US Pharm. 2023;48(10):14.
Over the past 30 years, more than 300 drugs and biologics have received accelerated approval from the FDA’s Center for Drug Evaluation and Research. Nearly 35% of these approvals have been for oncologic diseases, reflecting the changing landscape in new and novel therapeutic approaches for cancer. From January 2000 to October 2022, a total of 573 agents were approved for various oncologic indications, including targeted drugs (48%), biological therapies (43%), and cytotoxic treatments (9%). Seventy-one percent of agents underwent the regular approval process, and 29% received accelerated approval. The FDA has approved 25 new oncology therapeutics since January 2023.
Disease Sites: In the United States, age-adjusted mortality from all cancer sites has declined, from 206/100,000 for 1995 through 1999 to 155.5/100,000 for 2014 through 2018. Since 2014, therapeutic approvals have increased for breast cancer, leukemia, and lymphoma. This upward trend has also been detected for skin and thyroid cancers after an absence of therapeutic approvals between 2000 and 2010. Most recently, the majority of FDA approvals have been for lung cancers, lymphoma, genitourinary cancers, breast cancer, and leukemia (each receiving ≥35 approved products in the previous 8 years).
Product Classes: Therapeutics for oncologic diseases are classified into three product groups: targeted drugs, targeted biologics, and cytotoxic agents. These groups comprise 31 different classes based on mechanisms of action. Kinase inhibitors (targeted drugs) had the highest proportion of approvals (31%) among all classes between 2000 and 2021. In 2022, kinase inhibitors had the same proportion of approvals as immune checkpoint inhibitors (targeted biologics), which had the second most approvals (19%) in the years prior despite only entering the market in 2011. Antitumor-associated antigen antibodies (targeted biologics) had the third most approvals (10%). Approvals of cytotoxic drug classes (e.g., DNA-damaging agents, antimetabolites, and microtubule inhibitors) had the least approvals of the product groups, with most approvals occurring before 2010; however, the number of approved indications for targeted drugs or biologics in combination with cytotoxic drugs has increased since 2010.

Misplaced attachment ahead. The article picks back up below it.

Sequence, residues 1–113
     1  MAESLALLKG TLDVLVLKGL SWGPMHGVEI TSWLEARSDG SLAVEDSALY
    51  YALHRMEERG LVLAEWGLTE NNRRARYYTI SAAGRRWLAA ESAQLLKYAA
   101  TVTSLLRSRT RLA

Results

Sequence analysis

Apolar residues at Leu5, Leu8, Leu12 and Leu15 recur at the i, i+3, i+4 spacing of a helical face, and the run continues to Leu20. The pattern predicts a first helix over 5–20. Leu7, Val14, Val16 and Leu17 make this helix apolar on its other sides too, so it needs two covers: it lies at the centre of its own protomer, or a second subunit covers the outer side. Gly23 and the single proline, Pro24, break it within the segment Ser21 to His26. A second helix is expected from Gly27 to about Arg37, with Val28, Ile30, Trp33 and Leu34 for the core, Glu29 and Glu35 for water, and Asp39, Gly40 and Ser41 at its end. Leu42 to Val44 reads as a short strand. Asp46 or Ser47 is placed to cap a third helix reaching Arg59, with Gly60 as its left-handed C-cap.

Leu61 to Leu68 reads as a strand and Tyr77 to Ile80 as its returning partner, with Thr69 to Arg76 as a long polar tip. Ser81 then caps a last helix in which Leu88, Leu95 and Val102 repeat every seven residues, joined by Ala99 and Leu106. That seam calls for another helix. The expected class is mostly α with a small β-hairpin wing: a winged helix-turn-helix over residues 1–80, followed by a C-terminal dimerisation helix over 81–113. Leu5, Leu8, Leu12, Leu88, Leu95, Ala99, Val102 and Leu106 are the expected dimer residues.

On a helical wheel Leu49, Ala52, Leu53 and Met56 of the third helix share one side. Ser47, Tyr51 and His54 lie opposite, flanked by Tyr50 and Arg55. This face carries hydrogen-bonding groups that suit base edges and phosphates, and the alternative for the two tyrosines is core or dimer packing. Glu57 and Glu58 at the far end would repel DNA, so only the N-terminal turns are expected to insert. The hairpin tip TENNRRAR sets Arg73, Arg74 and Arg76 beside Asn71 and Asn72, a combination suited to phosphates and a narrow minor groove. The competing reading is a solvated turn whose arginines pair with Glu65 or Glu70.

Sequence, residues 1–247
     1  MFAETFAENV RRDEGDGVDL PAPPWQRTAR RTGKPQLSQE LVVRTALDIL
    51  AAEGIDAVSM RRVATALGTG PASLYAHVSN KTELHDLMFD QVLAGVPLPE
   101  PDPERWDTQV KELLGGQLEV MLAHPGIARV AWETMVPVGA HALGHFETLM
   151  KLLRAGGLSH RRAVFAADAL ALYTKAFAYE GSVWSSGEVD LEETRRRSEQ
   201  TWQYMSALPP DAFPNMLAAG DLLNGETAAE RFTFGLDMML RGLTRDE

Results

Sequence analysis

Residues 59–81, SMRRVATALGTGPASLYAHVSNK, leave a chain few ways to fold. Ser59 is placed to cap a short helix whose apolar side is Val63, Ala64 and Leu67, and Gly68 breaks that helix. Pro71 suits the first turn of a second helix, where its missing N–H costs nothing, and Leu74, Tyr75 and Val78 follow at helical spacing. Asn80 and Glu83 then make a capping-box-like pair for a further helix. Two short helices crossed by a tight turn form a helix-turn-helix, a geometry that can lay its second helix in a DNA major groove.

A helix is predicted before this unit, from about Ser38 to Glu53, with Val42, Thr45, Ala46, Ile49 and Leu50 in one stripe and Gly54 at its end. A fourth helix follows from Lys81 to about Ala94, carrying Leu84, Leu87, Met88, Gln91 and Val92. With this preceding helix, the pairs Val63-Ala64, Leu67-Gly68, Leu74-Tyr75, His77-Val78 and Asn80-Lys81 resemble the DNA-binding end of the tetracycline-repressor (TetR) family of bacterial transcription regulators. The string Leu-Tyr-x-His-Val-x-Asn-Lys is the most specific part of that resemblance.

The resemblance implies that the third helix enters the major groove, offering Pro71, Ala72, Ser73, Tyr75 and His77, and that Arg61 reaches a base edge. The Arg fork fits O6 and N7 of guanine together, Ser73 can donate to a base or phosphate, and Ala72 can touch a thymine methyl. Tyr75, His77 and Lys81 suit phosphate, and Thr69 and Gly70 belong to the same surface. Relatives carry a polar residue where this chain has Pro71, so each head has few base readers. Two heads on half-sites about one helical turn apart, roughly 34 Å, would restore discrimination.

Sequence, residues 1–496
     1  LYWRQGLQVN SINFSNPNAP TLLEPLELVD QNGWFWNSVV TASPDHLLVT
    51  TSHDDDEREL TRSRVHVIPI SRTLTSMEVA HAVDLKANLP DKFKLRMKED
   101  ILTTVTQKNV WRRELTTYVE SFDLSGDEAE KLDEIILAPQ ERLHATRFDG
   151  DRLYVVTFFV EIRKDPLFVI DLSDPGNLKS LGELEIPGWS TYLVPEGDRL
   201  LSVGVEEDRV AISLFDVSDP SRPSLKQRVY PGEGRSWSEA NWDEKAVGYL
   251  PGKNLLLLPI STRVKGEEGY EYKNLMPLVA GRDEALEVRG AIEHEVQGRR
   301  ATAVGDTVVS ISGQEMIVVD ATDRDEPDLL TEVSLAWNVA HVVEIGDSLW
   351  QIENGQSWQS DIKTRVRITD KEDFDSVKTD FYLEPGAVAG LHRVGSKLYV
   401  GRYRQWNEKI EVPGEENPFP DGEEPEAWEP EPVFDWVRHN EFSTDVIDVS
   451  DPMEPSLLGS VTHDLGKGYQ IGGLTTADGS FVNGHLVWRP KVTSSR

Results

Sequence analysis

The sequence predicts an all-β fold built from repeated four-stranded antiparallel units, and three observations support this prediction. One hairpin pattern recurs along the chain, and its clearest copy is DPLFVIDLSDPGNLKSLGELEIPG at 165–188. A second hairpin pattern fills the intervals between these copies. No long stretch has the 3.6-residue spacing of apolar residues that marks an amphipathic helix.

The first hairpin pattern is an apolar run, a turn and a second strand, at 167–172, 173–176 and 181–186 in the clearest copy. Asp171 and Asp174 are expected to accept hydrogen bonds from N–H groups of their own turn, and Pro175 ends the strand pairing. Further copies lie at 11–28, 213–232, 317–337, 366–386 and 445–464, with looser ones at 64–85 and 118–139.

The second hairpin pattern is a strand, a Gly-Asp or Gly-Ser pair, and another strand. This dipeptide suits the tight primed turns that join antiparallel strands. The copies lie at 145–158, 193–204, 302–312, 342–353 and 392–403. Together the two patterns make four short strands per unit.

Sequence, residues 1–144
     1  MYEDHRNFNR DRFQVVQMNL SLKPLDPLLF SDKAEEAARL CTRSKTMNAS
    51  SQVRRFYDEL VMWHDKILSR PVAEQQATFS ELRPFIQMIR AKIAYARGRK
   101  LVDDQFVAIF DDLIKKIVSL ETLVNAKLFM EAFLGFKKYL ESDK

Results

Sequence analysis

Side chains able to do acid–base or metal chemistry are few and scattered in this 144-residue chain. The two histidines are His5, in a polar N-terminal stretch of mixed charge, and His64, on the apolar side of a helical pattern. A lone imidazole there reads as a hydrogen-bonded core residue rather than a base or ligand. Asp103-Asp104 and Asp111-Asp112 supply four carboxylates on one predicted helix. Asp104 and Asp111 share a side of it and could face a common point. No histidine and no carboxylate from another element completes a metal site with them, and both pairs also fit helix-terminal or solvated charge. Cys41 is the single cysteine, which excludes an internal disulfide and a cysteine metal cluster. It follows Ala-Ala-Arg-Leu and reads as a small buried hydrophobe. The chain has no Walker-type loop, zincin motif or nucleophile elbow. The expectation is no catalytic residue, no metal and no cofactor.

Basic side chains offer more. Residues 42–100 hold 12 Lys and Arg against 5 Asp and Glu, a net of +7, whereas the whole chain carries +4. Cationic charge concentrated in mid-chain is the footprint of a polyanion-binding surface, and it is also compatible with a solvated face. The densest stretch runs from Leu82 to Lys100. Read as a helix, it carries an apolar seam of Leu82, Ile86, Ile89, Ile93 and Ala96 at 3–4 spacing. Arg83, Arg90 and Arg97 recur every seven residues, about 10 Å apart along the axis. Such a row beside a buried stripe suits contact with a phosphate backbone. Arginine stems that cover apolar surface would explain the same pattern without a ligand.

Biomarker Use: Biomarkers used to identify certain cancers and cancer subtypes are increasingly guiding drug development and the identification of patients most likely to benefit from treatment. Biomarkers were used in 32% of approvals between 2000 and 2004, 30% between 2005 and 2009, and 43% between 2020 and 2022. From 2000 to 2022, biomarkers were most commonly used in approvals for targeted drugs (49%), followed by targeted biologics (35%). In the same time period, 61.1% of oncologic products were approved for use in biomarker-unselected populations and 38.9% approved for biomarker-defined populations. Innovations and advancements in therapeutic approaches for cancer are promising and will hopefully lead to improvements in patient outcomes.
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